I still recall her first movies and how she seemingly inhabited her roles. Almost as if they were made for her.
In My Extraordinary Ordinary Life, I discover why this is true. Reading about how she grew up in a small town in Texas in the 1950s, I could totally feel connected to her life. Even though I grew up in a small California town, the similarities existed. Small town life comes to define its inhabitants, and for all those who have lived in them, the connections are like strong twine that forms between all of us.
We see Sissy’s life growing up, and follow her from Texas to New York to California. And then, as she begins to become that star with the ability to inhabit the lives of the characters she played, the special story unfolds. As references were made to each of her films, I found myself grabbing my own DVDs from my shelves: Coal Miner’s Daughter, Crimes of the Heart, In the Bedroom, and The Help.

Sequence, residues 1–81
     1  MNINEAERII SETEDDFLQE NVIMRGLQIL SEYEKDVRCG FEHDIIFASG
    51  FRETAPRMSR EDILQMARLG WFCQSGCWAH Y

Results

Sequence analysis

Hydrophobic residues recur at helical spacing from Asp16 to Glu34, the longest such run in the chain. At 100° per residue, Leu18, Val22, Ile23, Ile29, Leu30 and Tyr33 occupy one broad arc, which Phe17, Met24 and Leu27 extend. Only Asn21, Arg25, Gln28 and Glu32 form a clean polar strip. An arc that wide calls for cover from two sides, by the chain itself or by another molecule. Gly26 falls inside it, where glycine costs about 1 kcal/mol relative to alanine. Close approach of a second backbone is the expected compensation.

Finally Sissy and her husband Jack found their true home on a farm in Virginia, and her descriptions of that home and how various family members have joined them there filled me with nostalgia. Nostalgia for an ordinary life that is so filled with the treasure trove of people we love that it truly becomes extraordinary.
For all those who enjoy a memoir that spotlights both ordinary and extraordinary moments, I recommend this book. Five stars.